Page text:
January 3, 2013


Today is my 30th birthday. It seems unreal to me, but it's true. I double-checked and everything.

I began writing on the internet as a 19-year-old in 2002 and back then a big part of my identity, for better or worse, was being extremely young. Hell, this blog was started in large part out of boredom while home from school for the summer and the first post was written on August 1, 2002 while I was literally sitting in my bedroom at my mom's house. Not quite the old "blogging from his parents' basement" cliche, but pretty damn close.

In the months that followed I wrote about moving back into my dorm room and getting rejected by the college newspaper and attempting to make small talk with attractive girls on the bus and various other things that made it very clear I was just a kid. Even two years later, while attending my first Society for American Baseball Research convention in Cincinnati, my age was a frequent topic and many people there were amused that I was barely old enough to drink alcohol legally.

I never quite advanced past that "you're just a kid" mindset and now more than a decade later I'm still doing basically the same thing, writing about baseball and myself on the internet, but there's no 30-year-old "kid" unless you start hanging out with your grandparents. Sticking with something for that long can certainly be a source of pride and I'm also proud of the work I've done here and elsewhere, but having spent your twenties doing one thing is jarring to think about.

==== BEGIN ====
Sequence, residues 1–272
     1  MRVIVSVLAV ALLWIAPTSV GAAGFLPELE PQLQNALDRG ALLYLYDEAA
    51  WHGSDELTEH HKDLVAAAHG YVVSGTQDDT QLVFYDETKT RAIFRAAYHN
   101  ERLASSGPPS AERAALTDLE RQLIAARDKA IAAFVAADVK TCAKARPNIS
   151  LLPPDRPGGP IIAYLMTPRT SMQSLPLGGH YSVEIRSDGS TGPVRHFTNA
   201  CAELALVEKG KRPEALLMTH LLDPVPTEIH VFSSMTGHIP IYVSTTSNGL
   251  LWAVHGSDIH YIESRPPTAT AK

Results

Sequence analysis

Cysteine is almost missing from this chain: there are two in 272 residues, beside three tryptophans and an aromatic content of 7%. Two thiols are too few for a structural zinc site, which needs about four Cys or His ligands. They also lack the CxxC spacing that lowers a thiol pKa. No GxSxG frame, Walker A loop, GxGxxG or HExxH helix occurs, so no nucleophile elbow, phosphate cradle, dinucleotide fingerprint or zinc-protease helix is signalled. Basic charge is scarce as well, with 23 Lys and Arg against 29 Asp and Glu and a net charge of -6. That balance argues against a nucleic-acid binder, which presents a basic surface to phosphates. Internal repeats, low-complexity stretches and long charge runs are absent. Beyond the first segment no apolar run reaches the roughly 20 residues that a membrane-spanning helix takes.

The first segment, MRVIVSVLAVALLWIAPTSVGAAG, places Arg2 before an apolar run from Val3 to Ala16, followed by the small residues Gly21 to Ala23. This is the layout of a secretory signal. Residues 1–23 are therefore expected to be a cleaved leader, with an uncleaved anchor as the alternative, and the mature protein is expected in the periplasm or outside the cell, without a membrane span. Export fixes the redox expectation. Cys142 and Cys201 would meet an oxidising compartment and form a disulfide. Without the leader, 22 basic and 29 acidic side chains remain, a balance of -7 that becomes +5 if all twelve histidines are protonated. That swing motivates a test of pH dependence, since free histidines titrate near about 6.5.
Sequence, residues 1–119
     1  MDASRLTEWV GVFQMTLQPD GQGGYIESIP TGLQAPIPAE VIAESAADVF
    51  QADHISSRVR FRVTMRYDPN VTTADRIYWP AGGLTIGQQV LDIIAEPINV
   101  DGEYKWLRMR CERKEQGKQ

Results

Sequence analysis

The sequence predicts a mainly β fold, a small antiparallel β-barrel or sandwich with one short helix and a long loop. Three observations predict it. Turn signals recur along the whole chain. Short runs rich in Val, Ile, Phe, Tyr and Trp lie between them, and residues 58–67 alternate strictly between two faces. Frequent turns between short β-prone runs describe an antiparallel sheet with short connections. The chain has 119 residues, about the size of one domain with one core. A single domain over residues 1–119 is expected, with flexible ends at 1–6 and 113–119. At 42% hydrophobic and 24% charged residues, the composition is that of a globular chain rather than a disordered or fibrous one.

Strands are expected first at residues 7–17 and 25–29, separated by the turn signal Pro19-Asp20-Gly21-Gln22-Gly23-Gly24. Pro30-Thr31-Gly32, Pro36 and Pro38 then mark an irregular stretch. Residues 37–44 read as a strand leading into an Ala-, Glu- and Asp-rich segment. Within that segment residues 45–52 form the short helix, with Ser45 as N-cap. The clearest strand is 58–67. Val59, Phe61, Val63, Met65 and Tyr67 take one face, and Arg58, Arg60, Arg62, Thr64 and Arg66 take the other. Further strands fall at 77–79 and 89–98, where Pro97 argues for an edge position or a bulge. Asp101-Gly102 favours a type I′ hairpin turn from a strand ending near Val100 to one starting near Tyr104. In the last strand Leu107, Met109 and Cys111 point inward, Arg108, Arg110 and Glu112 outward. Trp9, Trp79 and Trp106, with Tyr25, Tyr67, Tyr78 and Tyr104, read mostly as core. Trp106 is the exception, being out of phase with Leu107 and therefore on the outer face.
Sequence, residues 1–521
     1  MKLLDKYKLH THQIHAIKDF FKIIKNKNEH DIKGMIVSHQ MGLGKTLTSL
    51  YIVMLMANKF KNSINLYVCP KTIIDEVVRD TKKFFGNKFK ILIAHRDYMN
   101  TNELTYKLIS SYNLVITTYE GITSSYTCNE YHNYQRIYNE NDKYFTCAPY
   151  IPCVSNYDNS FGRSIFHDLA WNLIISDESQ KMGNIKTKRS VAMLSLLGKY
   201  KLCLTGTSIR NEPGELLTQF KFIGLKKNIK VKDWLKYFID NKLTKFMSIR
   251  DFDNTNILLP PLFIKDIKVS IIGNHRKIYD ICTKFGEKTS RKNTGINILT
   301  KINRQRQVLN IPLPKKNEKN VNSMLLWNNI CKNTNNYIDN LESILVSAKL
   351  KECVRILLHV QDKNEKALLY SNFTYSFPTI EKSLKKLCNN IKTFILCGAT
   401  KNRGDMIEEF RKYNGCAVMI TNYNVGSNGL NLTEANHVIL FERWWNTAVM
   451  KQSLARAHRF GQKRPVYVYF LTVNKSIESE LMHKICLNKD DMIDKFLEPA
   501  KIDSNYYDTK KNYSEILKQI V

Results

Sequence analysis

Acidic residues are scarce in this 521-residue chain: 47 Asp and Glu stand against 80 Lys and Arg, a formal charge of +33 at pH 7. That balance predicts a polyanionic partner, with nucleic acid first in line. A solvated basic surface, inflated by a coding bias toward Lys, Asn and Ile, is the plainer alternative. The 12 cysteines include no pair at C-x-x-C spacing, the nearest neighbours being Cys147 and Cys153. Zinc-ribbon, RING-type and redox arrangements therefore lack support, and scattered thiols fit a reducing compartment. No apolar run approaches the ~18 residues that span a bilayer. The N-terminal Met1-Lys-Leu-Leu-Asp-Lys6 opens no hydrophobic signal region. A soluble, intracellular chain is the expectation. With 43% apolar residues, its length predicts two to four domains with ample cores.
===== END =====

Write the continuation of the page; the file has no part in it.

And turning 30 will also get you thinking, about good things and bad things and important things and silly things. By age 10 or so I knew I wanted to be a writer and I've been gainfully employed as one since dropping out of college to take a job with Rotoworld in 2005. I've got a house with a mortgage and a car and a retirement account and most of the stuff that always signified adulthood to me. And yet I still think of myself as anything but an adult. I'll have to get over that.

Mostly what I've been thinking about lately is what comes next. What happens when you can no longer cling to any semblance of childhood? What happens when your dropping out of college doesn't really seem to matter any more? What happens when you're nearly the same age your parents were when they had you? What happens when you've spent an entire decade of your life with the thing you dreamed about doing serving as both your job and your hobby? What then?

I'm as happy and comfortable and content as I've ever been since starting this blog in 2002, but within the context of turning 30 that mostly just has me pondering what happiness and comfort and contentedness really mean. I'm very certain that 20-year-old me would look at 30-year-old me and say don't change a thing you lucky bastard, but suddenly that doesn't seem as important as what 40-year-old me would say. And that's an impossible question to answer.

I've always struggled with two primary issues. One is food, against which I've made major strides by losing 150 pounds in one year and keeping that weight off for a second year. The other is social anxiety, but while I've made some strides there as well--going out far more often now than I did a few years ago and expanding my list of friends (or at least acquaintances)--fixing my lack of drive to interact with friends and strangers alike has proven much more difficult than losing weight.